For-profit businesses can engage their staff members and encourage them to participate in community projects by providing volunteer incentive programs and opportunities. This can improve job satisfaction, boost staff morale, and foster a supportive business culture. Additionally, volunteering can benefit workers by allowing them to grow their networks, learn new things, and obtain new experiences.

Engaging in educational initiatives

Another successful strategy for for-profit businesses to encourage community participation for innovation is to participate in educational projects. For instance, they can collaborate with educational institutions to support STEAM (science, technology, engineering, art, and mathematics) initiatives. A pipeline of smart young professionals who are enthusiastic about innovation and social impact may result from this.

Being willing and open to put themselves out there

Lastly, but perhaps most importantly, for-profit businesses must be open and take the potential risks in order to engage with communities and create the seeds of innovation. Businesses open to new concepts and methods, listening to criticism, and conducting transparency can produce happier employees by incorporating the same practices they use to build community engagement. For-profit businesses can truly benefit their own profitability by being willing to cultivate long-lasting relationships and meaningful projects with nonprofits: all while having a significant impact on their communities.

Ultimately, by emphasizing community involvement and engagement organizations can stimulate creativity, attain common objectives, and make social impact, benefiting private, public, nonprofit, for profit, and government agencies alike.

Building bridges, cooperating with nonprofit groups, and supporting community initiatives are all important roles for for-profit businesses to play. For-profit businesses can encourage general community engagement for innovation and change the world by interacting with local communities, working with nonprofits, providing volunteer incentive programs and opportunities, taking part in educational initiatives, and being open and willing to put themselves out there.

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Jeff Carlson is the president and CEO of RioRaiz.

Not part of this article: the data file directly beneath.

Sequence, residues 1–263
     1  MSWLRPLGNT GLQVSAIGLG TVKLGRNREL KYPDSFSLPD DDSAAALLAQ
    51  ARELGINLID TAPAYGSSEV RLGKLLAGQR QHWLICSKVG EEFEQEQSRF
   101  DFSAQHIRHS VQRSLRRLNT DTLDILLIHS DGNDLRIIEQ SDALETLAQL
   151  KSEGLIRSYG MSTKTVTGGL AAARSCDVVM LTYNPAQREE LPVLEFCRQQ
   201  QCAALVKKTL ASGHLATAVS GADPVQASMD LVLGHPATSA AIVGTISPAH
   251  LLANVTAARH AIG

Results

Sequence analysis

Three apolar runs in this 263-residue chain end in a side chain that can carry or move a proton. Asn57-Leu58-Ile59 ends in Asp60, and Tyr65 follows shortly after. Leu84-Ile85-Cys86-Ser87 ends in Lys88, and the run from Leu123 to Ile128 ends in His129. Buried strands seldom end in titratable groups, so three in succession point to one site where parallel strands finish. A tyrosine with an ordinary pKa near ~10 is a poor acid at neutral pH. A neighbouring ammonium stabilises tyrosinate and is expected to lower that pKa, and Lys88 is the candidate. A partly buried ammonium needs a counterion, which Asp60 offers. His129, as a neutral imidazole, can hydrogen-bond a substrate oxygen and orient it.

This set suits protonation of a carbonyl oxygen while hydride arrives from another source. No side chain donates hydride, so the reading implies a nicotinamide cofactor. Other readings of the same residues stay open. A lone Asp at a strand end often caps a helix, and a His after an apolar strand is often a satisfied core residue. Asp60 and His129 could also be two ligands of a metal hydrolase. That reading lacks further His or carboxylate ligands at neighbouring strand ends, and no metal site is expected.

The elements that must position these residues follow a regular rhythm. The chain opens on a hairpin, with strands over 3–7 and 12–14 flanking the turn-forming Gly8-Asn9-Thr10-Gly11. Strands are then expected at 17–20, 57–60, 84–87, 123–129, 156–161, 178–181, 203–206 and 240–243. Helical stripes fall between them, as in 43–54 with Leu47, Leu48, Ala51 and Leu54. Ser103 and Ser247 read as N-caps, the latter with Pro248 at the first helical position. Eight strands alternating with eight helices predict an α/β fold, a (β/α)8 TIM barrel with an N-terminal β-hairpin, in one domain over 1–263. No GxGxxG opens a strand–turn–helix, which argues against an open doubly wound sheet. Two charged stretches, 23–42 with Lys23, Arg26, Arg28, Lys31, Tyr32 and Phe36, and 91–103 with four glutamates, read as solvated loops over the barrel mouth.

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17 Houston entrepreneurs named finalists in annual regional competition

on to the next round

Entrepreneurs from the Houston area have been named finalists for one of the region’s most prestigious business awards.

The 17 finalists are competing for Ernst & Young’s Entrepreneur Of The Year 2024 Gulf South Award. The Gulf South region includes parts of Texas, along with Louisiana and Mississippi.

An independent panel of judges selected the 48 finalists. Contenders were evaluated based on their demonstration of building long-term value through factors such as entrepreneurial spirit, purpose, growth, and impact.

The Houston-area finalists are:

  • Shannon Payne, Allied Fire Protection, Pearland
  • Jay McEntire IV, Arva Intelligence, Houston
  • Andrew Levy, Avelo Airlines, Houston
  • Derek Maetzold, Castle Biosciences, Friendswood
  • Scott Aronstein, Connectivity Source, Houston
  • Joshua Weisman, Construction Concepts, Houston
  • Feras Moussa and Ben Suttles, Disrupt Equity, Houston
  • John Poindexter, J.B. Poindexter, Houston
  • James Ross, LJA Engineering, Houston
  • Asher Kazmann, Locke Solutions, Houston
  • Chad Millis, Millis, Missouri City
  • Mike Francis, NanoTech Materials, Houston
  • Stuart Hinchen and Peter Jenkins, Quva Pharma, Sugar Land
  • Trevor Best and Suman Khatiwada, Syzygy Plasmonics, Houston
  • Hal Brumfield, Tachus Fiber Internet, The Woodlands
  • Jared Boudreaux, Vector Controls and Automation Group, Pearland
  • Ting Qiao, Wan Bridge, Houston

“The finalists of this year are audacious entrepreneurs who are making a significant impact in their respective industries and communities,” says Anna Horndahl, an EY partner and co-director of the EOY Gulf South Program.

“These pioneers, chosen by an independent panel of judges, showcase relentless commitment to their businesses, customers and communities. We are thrilled to acknowledge their accomplishments,” adds Travis Garms, an EY partner and co-director of the EOY Gulf South Program.

Houston makes top 10 list of metros with most millionaires

living large

Anew population analysis has unveiled an exclusive view into how the elite live in the U.S., including a surprising discovery that Houston-The Woodlands-Sugar Land has the No. 9 highest concentration of millionaire households in the country.